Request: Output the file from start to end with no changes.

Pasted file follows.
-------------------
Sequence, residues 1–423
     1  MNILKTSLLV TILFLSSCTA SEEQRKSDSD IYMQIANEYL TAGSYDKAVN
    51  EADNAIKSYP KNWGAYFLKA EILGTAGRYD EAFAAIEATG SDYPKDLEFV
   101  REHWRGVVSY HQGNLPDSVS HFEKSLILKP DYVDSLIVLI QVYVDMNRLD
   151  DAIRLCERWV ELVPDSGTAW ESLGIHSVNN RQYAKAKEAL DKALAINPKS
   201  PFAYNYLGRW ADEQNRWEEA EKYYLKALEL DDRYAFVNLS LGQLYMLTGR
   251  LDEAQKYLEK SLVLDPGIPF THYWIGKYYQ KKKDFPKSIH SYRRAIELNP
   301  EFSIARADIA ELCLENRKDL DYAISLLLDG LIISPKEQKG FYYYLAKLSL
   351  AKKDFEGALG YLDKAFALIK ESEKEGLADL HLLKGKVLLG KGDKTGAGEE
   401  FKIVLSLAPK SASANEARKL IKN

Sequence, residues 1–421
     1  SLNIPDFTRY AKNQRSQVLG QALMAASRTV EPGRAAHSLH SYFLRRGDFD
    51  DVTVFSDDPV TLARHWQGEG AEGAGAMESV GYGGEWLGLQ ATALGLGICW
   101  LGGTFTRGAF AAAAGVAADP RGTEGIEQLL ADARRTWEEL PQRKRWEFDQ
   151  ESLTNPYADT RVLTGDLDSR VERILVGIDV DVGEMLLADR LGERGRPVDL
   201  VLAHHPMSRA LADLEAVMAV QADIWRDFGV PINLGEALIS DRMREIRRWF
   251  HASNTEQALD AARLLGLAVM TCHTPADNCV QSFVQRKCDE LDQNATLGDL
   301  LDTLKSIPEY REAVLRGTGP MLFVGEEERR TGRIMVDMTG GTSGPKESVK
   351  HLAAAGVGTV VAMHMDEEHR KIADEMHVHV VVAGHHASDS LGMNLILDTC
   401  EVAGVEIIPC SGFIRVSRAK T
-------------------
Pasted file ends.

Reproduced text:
Sequence, residues 1–423
     1  MNILKTSLLV TILFLSSCTA SEEQRKSDSD IYMQIANEYL TAGSYDKAVN
    51  EADNAIKSYP KNWGAYFLKA EILGTAGRYD EAFAAIEATG SDYPKDLEFV
   101  REHWRGVVSY HQGNLPDSVS HFEKSLILKP DYVDSLIVLI QVYVDMNRLD
   151  DAIRLCERWV ELVPDSGTAW ESLGIHSVNN RQYAKAKEAL DKALAINPKS
   201  PFAYNYLGRW ADEQNRWEEA EKYYLKALEL DDRYAFVNLS LGQLYMLTGR
   251  LDEAQKYLEK SLVLDPGIPF THYWIGKYYQ KKKDFPKSIH SYRRAIELNP
   301  EFSIARADIA ELCLENRKDL DYAISLLLDG LIISPKEQKG FYYYLAKLSL
   351  AKKDFEGALG YLDKAFALIK ESEKEGLADL HLLKGKVLLG KGDKTGAGEE
   401  FKIVLSLAPK SASANEARKL IKN

Sequence, residues 1–421
     1  SLNIPDFTRY AKNQRSQVLG QALMAASRTV EPGRAAHSLH SYFLRRGDFD
    51  DVTVFSDDPV TLARHWQGEG AEGAGAMESV GYGGEWLGLQ ATALGLGICW
   101  LGGTFTRGAF AAAAGVAADP RGTEGIEQLL ADARRTWEEL PQRKRWEFDQ
   151  ESLTNPYADT RVLTGDLDSR VERILVGIDV DVGEMLLADR LGERGRPVDL
   201  VLAHHPMSRA LADLEAVMAV QADIWRDFGV PINLGEALIS DRMREIRRWF
   251  HASNTEQALD AARLLGLAVM TCHTPADNCV QSFVQRKCDE LDQNATLGDL
   301  LDTLKSIPEY REAVLRGTGP MLFVGEEERR TGRIMVDMTG GTSGPKESVK
   351  HLAAAGVGTV VAMHMDEEHR KIADEMHVHV VVAGHHASDS LGMNLILDTC
   401  EVAGVEIIPC SGFIRVSRAK T